On Tuesday, May 9, a preschool group came to the farm for a tour. Years ago we had many school groups coming here. It was fun but exhausting. Usually we have baby goats for the children to cuddle and sometimes bottle feed. But my does are not due until the end of this month and the big goats were terrified of all those little people. The horses were not, however. And the swallows were absolutely delighted.
Each child was given a bag of feathers to throw up one by one for the swallows to catch and take to their gourd nests. Well, that's the theory. Before we ever made our way to the swallow field, the swallows were swooping down over the children and chattering excitedly, as though to say, "The feather people are coming! The feather people are coming!" And so they were.
What has not happened with older groups was that the children did not quite envision the game the way the swallows and I did. Some kids threw the feathers and watched. But most took a more active stance: they threw the feathers up then ran to pick them back off the grass, since they only went a few feet. Then they threw them again and immediately ran to retrieve them. The swallows soon figured out they needed to be really fast to beat the kids to the feathers. It was pretty funny to watch a swallow swooping down to grab a feather off the grass seconds before the small child who threw it arrived to claim it. Johnny took photos of the children and their parents in his group. I just stood around and laughed at and with my group.
|The feather's in the air but the little one is looking to throw another one.|
|Another technique was just to hold the feathers up and hope the swallows take them.|
|Another popular method was blowing.|
Besides horses and swallows, there was a chicken "station". Neighbor Irv brought his tame rooster for the kids to pet. We also had tiny new chicks in a cage with their mama hen for children to see. Mama hen was not happy about all that company. The rooster, on the other hand, was fine with the children.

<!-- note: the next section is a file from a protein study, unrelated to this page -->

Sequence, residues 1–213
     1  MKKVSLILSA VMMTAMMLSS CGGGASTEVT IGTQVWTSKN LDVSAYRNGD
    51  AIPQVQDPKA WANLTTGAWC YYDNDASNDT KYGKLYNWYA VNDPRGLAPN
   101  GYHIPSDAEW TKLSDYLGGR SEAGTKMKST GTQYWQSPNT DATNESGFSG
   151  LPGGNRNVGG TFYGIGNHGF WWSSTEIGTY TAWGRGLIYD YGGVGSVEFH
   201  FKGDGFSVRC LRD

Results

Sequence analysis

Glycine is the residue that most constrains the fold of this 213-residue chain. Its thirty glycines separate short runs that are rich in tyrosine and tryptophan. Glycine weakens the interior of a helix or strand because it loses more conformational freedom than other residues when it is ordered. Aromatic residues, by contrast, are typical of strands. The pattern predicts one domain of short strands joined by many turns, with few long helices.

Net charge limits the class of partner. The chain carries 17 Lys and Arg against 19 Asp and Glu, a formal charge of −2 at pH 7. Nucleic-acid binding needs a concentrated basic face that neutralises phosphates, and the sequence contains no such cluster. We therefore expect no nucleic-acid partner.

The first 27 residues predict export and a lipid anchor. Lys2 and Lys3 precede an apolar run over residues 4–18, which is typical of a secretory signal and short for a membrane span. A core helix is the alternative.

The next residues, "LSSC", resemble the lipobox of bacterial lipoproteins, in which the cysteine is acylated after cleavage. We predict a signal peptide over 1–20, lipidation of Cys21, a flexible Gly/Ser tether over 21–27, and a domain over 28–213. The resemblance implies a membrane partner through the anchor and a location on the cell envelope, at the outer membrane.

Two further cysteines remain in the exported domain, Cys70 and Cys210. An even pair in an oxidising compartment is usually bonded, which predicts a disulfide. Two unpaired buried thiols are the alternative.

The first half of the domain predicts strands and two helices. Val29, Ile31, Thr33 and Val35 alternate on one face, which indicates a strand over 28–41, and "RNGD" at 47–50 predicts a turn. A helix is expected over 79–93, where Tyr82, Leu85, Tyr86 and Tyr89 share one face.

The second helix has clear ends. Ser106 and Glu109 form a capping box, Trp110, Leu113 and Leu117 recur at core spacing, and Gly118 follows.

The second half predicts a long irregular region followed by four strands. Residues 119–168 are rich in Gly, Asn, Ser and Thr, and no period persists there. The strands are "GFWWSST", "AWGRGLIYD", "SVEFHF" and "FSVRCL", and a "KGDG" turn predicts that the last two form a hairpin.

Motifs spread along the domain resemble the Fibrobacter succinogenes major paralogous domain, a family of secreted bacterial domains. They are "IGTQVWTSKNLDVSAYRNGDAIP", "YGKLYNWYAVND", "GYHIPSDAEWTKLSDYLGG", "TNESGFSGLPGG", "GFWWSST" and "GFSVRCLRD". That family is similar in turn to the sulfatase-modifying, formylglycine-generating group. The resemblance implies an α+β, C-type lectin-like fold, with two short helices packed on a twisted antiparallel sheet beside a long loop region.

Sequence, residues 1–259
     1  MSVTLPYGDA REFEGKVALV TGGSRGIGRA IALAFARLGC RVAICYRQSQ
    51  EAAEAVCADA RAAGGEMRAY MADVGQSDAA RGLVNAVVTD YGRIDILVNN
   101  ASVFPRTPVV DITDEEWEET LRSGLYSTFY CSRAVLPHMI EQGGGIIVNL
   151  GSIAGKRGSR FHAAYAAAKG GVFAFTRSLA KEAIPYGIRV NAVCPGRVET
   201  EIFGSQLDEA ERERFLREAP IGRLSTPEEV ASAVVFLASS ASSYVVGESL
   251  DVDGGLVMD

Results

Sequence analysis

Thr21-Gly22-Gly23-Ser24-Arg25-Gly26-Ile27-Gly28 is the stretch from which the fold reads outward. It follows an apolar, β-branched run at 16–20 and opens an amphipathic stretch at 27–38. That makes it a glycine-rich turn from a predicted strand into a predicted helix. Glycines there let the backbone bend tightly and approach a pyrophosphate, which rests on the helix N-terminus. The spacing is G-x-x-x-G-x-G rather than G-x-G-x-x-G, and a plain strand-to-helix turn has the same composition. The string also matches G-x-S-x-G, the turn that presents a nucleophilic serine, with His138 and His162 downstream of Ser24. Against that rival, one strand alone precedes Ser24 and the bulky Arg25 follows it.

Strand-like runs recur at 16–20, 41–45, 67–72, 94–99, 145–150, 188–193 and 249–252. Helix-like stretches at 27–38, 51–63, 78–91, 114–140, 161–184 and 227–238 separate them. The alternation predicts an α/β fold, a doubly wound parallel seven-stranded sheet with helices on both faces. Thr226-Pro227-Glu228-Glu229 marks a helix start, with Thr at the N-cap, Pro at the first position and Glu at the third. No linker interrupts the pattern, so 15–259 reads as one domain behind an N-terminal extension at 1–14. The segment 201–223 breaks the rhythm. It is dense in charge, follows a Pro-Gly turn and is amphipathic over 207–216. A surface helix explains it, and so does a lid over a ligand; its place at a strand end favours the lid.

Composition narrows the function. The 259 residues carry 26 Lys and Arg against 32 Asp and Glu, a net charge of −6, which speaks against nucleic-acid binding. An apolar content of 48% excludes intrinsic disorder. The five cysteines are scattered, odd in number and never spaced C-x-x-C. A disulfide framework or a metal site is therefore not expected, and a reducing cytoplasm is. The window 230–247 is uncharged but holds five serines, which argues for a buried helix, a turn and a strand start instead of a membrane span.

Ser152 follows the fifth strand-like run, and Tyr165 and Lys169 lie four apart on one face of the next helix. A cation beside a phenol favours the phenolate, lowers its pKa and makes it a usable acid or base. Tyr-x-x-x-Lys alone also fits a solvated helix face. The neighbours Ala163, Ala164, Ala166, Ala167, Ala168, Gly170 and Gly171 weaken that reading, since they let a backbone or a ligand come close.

Besides rooster and horse petting and the swallow feather game, the kids were able to pet Mister McCoy, the night guardian dog, through the fence. He was happy for attention from the children. He would have been even happier if I had let him out to bounce and play and knock everybody down.
After the excitement of the pre-school tour, we headed to the coast the next day for the first of the annual, May, Black Oystercatcher (BLOY) surveys. We hiked up The Thumb north of Lincoln City in lovely warm sunshine.
And enjoyed a view of Cascade Head north of us...
An eagle keeping watch at the north end of Road's End...
The Cascade Head Marine Reserve area...
The blooming meadow enroute to our observation point...
Also enjoying the sunshine were several, colorful garter snakes...
We saw just one of the target birds (3 pairs usually nest in the area) apparently standing guard near a nest site... Time will tell if they are really nesting... and if the other two area pairs show up. We are supposed to conduct a survey once a week at each site, weather permitting.
|single BLOY on lookout perch|
From Road's End, we hurried to another BLOY survey site at the north side of Cascade Head. I got lost hiking in and had to start over, eventually reaching this pretty cove... but no BLOY.
Even though I saw none of our target birds, I did see an eagle on its nest.
Gotta love these modern cameras that zoom in on distant subjects...
Johnny, meanwhile, watched Refusal Rock at Neskowin and finally saw a pair appear on the rock for a few minutes. When I finally returned, I saw no BLOY, just Johnny resting in the sunshine. That's Refusal Rock beyond him.
Our reward after a long day was supper at the Mexican restaurant in Pacific City. We then sat in our car at Cape Kiwanda for a little while, watching hundreds of gulls and cormorants milling about above Haystack Rock while a couple of sub-adult Bald Eagles did aerial maneuvers. The eagles did not appear to be interested in nabbing dinner, but the sea birds were apparently not willing to sit on top of the rock in case the eagles changed their minds.
It was a good, but exhausting day, and now I'm happy to have the rain return... to water in the Silverberry bush and the Kiwi plants that arrived and I planted today.
Never a dull moment on the farm.